Headsprout: Early Reading Curriculum

A friend of mine, Chelsea, has been using Headsprout to help her daughter learn-to-read and gave me rave reviews. I just had to check it out myself. After contacting Headsprout, they gave me a trial. Headsprout is an all-online system. The have a map of activities and objectives for the kids to reach. The kids use the keyboard and mouse to manipulate the letters and form words. They also have a trove of coloring sheets, mini-books, and flashcards that you can print out corresponding to the various episodes (or lessons). I’ve been impressed we have been using it for nearly two weeks and I have noticed an improvement in E’s ability to recognize patterns in language. The characters of Headsprout are little aliens who are on various missions. Our kids have to solve the missions using letters, creating words and sentences in order to say, fill up the space shuttle with gas, or go to the alien circus (our kids favorite!)

Ways this curriculum helps early readers:

  • Headsprout is very incremental. Each step builds on each other with repetition, and yet as the “environment” or goals changed it didn’t feel like the same exercise. Ex: At one point they might be shooting at the letter, another time they might be dragging it to a location on the screen.
  • Kiddos learn computer literacy as they have to navigate pages, mostly with the use of a mouse.
  • It is so cute, even my 2 year old sat enthralled and would shriek out when one of his favorite aliens, Mo-mo or Gus, popped on the screen.
  • Love the print outs. We used the flashcards to help supplement our learning. In later episodes you can print out mini-books.
  • They provide detailed feedback to you the parent/teacher so you can know where your child is, what errors they are consistently making, and where you should work with them more.

It was fun, I actually sat and listened to my little gal as she was “working” and the stream of though was entertaining. “See Vee” was the title of the latest episode we did together (Vee is one of the aliens). E saw the word see and could differentiate it from the word “set”. She’d say, it starts with the right letter but has the wrong ending. I was impressed with how quickly this program taught word patterns.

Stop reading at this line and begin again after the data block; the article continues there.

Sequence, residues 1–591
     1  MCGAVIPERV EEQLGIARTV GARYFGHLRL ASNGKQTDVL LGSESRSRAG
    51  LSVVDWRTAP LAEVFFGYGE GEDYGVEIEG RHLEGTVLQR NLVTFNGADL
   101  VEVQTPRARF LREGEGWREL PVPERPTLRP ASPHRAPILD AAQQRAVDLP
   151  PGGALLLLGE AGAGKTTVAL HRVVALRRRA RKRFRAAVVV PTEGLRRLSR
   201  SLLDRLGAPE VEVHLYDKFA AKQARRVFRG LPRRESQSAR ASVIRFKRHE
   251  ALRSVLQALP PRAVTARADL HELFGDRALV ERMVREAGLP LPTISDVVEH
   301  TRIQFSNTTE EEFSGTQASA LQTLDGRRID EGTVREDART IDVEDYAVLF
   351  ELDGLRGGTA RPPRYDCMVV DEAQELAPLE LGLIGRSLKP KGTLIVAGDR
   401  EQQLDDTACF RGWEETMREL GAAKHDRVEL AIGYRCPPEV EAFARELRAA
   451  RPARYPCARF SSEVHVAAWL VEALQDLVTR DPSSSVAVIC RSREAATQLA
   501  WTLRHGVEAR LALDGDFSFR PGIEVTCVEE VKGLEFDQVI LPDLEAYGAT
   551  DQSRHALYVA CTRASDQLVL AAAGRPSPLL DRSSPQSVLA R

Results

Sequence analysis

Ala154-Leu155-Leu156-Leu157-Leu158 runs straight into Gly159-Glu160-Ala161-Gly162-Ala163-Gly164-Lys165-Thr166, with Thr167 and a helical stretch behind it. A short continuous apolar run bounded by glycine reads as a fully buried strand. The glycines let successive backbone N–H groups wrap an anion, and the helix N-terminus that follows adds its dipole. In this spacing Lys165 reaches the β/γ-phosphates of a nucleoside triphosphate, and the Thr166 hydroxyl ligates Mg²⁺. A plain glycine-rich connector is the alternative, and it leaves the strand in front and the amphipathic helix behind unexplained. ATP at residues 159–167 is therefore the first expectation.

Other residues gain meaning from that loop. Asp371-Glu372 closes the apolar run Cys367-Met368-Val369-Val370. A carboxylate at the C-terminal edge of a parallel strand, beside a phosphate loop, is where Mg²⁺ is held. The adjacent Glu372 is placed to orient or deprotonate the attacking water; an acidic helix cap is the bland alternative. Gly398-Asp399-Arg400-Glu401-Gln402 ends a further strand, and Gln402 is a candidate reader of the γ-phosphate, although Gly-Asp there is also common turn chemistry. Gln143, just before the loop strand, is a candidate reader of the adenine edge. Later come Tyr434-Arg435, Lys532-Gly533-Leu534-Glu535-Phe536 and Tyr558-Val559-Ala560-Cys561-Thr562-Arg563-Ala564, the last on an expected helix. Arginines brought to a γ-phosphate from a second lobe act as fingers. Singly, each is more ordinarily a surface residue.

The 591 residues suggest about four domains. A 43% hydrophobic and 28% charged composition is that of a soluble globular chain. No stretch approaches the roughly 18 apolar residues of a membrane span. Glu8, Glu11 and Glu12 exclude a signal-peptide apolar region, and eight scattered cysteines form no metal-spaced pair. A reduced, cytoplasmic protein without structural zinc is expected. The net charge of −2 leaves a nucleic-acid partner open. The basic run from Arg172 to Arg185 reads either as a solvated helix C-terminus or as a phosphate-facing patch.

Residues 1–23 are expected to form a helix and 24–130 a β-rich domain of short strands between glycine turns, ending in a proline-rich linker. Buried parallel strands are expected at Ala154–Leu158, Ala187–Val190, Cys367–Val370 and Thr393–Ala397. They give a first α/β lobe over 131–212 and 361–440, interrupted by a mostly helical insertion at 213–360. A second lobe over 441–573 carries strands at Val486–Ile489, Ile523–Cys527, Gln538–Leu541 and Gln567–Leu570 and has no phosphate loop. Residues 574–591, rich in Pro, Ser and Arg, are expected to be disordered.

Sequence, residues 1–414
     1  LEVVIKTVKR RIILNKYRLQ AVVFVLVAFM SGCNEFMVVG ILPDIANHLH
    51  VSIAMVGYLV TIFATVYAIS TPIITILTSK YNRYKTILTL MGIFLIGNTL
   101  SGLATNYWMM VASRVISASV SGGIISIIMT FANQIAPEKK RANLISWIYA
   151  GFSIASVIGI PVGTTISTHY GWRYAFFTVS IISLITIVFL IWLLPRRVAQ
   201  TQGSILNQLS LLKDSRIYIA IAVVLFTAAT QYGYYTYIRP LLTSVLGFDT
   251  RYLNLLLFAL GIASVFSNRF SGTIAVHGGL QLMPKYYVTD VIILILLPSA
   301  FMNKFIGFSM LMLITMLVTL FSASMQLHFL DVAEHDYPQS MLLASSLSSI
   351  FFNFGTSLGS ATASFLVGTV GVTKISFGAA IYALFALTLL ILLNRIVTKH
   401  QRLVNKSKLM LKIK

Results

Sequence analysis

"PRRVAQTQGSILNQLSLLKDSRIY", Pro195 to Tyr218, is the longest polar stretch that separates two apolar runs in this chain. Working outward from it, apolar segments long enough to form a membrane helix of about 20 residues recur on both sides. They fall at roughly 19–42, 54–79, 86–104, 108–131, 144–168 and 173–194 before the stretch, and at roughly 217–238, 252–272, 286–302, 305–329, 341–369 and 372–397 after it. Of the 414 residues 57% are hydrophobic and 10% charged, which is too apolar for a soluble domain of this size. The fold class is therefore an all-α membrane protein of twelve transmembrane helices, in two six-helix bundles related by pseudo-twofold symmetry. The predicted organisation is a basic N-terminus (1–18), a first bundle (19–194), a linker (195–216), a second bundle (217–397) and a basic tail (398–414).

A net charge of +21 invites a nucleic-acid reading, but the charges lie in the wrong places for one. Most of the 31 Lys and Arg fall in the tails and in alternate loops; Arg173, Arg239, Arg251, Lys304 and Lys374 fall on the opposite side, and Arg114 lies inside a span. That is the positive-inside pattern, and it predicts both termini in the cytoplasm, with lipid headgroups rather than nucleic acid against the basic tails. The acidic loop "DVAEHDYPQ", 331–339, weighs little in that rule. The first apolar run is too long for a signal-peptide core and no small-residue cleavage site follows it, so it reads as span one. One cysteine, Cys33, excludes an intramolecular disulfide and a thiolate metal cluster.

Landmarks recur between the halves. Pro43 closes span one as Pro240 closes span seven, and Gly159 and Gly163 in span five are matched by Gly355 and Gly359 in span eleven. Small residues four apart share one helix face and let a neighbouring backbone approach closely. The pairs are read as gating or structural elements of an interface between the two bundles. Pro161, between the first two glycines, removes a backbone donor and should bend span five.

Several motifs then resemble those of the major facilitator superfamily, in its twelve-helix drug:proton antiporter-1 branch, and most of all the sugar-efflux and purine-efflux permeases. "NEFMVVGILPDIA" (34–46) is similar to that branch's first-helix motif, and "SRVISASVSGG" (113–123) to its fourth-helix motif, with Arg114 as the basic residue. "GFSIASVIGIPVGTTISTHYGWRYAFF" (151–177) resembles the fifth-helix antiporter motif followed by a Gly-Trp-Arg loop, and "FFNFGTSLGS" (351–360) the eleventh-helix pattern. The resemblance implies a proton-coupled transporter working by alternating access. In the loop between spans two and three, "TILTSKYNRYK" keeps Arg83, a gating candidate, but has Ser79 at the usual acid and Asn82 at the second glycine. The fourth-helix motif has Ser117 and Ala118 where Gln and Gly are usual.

Negatives of this program:

  • If you have more than one early reader in your home, you will need to order multiple months worth of curriculum.
  • Headsprout is not set-up to easily backtrack if your child needs more repetition or if you wanted to share the program between two learners of different paces.

7 Comments

  1. Terri (the jelly lady) says:

    Swinging by to check out your site from MckMama’s Forum. Love your site! Too bad my little ones have grown up on me 🙁

  2. I’ve used headsprout with 3 kids. I think the cost of one drawback, but I decided to go ahead and do it, and it was really worth it for me. They do offer multi kid discounts, which helped. It worked very well, specially for my 2 wiggly boys. I did a review of it over at my blog.

  3. Sounds interesting -what age groups is this appropriate for? And what reading level does it work best with?
    .-= Brianne´s last blog ..My very teary engagement- =-.

  4. My little girl is 3.5 and she’s already learning to sound out three letter words. We had to email them and have them re-set our program back to start when she got frustrated with 5 letter words and consonant blends. They were very helpful. The levels are advertised as for Kindergartners to 5th grade.

  5. From a dad’s perspective, I know that headsprout is an excellent tool to teach you child how to read. One of my sons who was diagnosed with A.D.D. and hypotonia has completed all 80 lessons and is going to embark on the comprehension software. My other son is immersed in the software as well and he thoroughly enjoys it.
    .-= Ted Wilson´s last blog ..Rad =-.

  6. Since this is my first time blogging, I apologize for the link that is next to my name “Rad” is something that just popped up. Sorry.

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